Just like cell networks have different generations, like 3G, 4G, 5G, wireless router connection technology does as well. It’s been about 5 years since Wi-Fi 5 came out, also known as 802.11ac, and due to be released before the end of 2019, is Wi-Fi 6 (802.11ax).
What does this mean for your business?
It means you’ll want to familiarize yourself with the differences between Wi-Fi 5 and Wi-Fi 6 so you can make an informed decision about whether or not to upgrade when the next generation is released.
A company’s wireless network and the encryption and security protocols it’s using can make a big difference in the security of your network and data. At Managed IT Asia, we take a holistic approach to managed IT security, looking at all potential breach points of a network, including router protections, to help keep our clients defended from online threats. 55% of surveyed small businesses say they’ve experienced a cyberattack within the last 12 months. While the Wi-Fi version itself was last updated in 2014, the most important update coming with Wi-Fi 6 is the update to the Wi-Fi Protected Access (WPA) security protocol, which was last updated 15 years ago. (That’s two years before Twitter was launched!).
What’s Changing with Wi-Fi 6?
The WPA security protocols that govern the security mechanisms of all wireless device connections are arguably one of the most important changes happening with Wi-Fi 6. WPA was first introduced in 2003, had an upgrade a year later to WPA2, and have not been updated since, until now. With Wi-Fi 6, the new security standard that will also be released is WPA3, and it offers some marked differences from its predecessor. Here’s a timeline of the WPA and Wi-Fi technologies that have rolled out this century:
- 2003: Wi-Fi 3: 802.11g & WPA
- 2004: WPA2
- 2009: Wi-Fi 4: 802.11n
- 2014: Wi-Fi 5: 802.11ac
- 2019: Wi-Fi 6: 802.11ax & WPA3
When a new version of any particular technology comes out, whether it’s an operating system or mobile technology, many companies wonder if they should just stay with what they have or upgrade. Here are some of the key updates coming with Wi-Fi 6, and they make a strong case for upgrading to this new wireless router and device technology as soon as it becomes available.
Offline Password Hacking
With the current WPA2 protocol in Wi-Fi 5, hackers have the ability to download a network’s cryptographic hash and run password cracking programs on it offline. WPA3 will protect against this. Wi-Fi 6 will use what’s called a Simultaneous Authentication of Equals (aka Dragonfly handshake) that requires user authentication at each login and makes a network resistant to these dictionary attacks and offline hacking attempts.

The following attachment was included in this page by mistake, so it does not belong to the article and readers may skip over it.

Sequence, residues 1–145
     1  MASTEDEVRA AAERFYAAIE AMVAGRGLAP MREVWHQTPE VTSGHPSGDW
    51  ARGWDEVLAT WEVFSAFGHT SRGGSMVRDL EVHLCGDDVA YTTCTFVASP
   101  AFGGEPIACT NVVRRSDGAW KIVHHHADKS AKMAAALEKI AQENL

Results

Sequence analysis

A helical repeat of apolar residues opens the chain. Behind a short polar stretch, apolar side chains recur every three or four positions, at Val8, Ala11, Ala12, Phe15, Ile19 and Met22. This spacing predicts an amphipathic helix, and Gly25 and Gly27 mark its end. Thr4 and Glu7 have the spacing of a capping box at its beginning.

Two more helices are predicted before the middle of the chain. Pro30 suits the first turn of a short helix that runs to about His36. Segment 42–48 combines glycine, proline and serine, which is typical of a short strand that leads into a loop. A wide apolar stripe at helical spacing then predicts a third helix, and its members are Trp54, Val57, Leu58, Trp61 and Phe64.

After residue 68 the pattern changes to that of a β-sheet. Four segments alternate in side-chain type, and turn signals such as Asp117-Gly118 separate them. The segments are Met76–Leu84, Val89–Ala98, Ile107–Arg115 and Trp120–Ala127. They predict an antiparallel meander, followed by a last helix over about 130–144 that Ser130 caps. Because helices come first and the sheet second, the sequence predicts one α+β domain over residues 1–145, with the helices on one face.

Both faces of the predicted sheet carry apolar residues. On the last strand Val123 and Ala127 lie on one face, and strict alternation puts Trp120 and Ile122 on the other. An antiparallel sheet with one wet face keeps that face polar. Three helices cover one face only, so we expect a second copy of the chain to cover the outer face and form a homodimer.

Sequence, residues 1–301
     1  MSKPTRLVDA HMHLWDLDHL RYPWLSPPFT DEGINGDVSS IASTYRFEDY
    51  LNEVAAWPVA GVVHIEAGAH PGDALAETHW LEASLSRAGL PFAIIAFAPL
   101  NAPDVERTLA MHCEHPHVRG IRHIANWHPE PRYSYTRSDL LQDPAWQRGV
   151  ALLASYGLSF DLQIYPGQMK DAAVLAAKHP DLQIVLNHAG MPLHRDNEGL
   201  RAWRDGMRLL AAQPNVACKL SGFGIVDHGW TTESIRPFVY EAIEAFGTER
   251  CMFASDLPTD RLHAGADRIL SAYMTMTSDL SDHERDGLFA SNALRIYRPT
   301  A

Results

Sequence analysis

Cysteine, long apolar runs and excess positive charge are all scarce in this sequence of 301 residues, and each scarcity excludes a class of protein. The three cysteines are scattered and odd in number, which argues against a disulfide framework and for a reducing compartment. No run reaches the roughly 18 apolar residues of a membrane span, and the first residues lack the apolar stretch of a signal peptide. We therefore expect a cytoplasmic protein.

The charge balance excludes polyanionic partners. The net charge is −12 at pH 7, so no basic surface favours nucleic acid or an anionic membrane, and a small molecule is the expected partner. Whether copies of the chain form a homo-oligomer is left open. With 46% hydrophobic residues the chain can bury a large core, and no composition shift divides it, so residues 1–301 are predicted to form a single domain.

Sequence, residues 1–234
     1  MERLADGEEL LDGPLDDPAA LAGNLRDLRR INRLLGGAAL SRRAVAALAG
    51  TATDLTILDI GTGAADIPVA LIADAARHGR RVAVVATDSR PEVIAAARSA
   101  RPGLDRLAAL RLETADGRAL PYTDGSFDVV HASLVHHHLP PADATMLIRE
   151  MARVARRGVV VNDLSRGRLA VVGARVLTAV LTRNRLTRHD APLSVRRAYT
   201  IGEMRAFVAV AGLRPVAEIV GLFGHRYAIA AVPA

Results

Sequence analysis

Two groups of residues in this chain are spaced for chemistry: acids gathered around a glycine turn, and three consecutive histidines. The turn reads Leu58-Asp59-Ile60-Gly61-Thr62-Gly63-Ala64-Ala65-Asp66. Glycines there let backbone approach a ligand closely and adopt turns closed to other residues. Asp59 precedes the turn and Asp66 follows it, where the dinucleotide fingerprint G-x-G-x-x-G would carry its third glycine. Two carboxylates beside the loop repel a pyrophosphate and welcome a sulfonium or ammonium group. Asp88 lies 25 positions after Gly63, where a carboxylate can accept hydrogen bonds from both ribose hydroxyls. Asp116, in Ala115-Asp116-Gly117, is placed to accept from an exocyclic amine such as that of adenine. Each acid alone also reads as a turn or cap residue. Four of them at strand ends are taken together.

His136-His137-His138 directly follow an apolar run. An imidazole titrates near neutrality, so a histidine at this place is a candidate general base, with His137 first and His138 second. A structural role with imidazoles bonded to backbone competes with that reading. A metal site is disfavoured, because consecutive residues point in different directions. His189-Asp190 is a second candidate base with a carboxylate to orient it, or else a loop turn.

The use of Opportunistic Wireless Encryption (OWE) is one of the Wi-Fi 6 and WPA3 updates that people using public Wi-Fi will notice the most. With the current Wi-Fi 5 and WPA2 protocol, hackers with the right tools can spy on traffic connected to the same wireless network. OWE will secure this vulnerability, automating the encryption process for users to keep their data secure and additionally improving security for IoT devices connected to a Wi-Fi network.
If you’re a fan of better wireless speeds, then you’ll appreciate the speed improvements coming with Wi-Fi 6 that promise to be 20%-25% better than Wi-Fi 5. This is achieved in two ways:
- Devices will be able to send more data in a single transmission
- Higher order modulation, which improves the efficiency and speed of data transmission
Better Ability to Handle Multiple Devices
A technology that is used in the current Wi-Fi 5 is called multi-user, multiple input, multiple output, or MU-MIMO for short. This technology allows your router to communicate with multiple devices simultaneously. Wi-Fi 6 will also use the MU-MIMO technology, but it will be able to handle more devices. Routers using MU-MIMO with Wi-Fi 5 have a four-stream capability to handle different devices at a time effectively. Wi-Fi 6 increases this capability to eight-stream, significantly improving the ability to handle the increasing number of devices being connected to a single wireless network. By 2020, each person around the globe is expected to have 6.58 connected devices. (Statista) Another improvement in the way Wi-Fi 6 will handle wireless connections at the same time for multiple devices is through a feature called Orthogonal Frequency-Division Multiple Access (OFDMA). This technology reduces the time between data transmissions, allowing your router to utilize bandwidth more efficiently. OFDMA also allows 20MHz devices to reach longer distances.
Better Device Battery Life
A bonus feature of Wi-Fi 6 is called Target Wake Time (TWT). This feature allows your router to schedule check-in times with your devices, so they’re not continually using battery power to check in with the wireless router. This improves both battery life and helps reduce energy consumption.
Get Ready for a Wi-Fi 6 Upgrade with Managed IT Asia!
The security improvements alone make it important for businesses to upgrade to the Wi-Fi 6 technology. And, of course, the speed and multi-device handling will also help improve the efficiency of any organization’s online connections. Contact Managed IT Asia today to get an upgrade plan together now so you’ll be ready when the technology is launched later this year. Contact us today at +65 6748 8776 or through our contact form.
UPDATE: For further reading, please check out 50 Essential Cyber Security Facts for Business Owners
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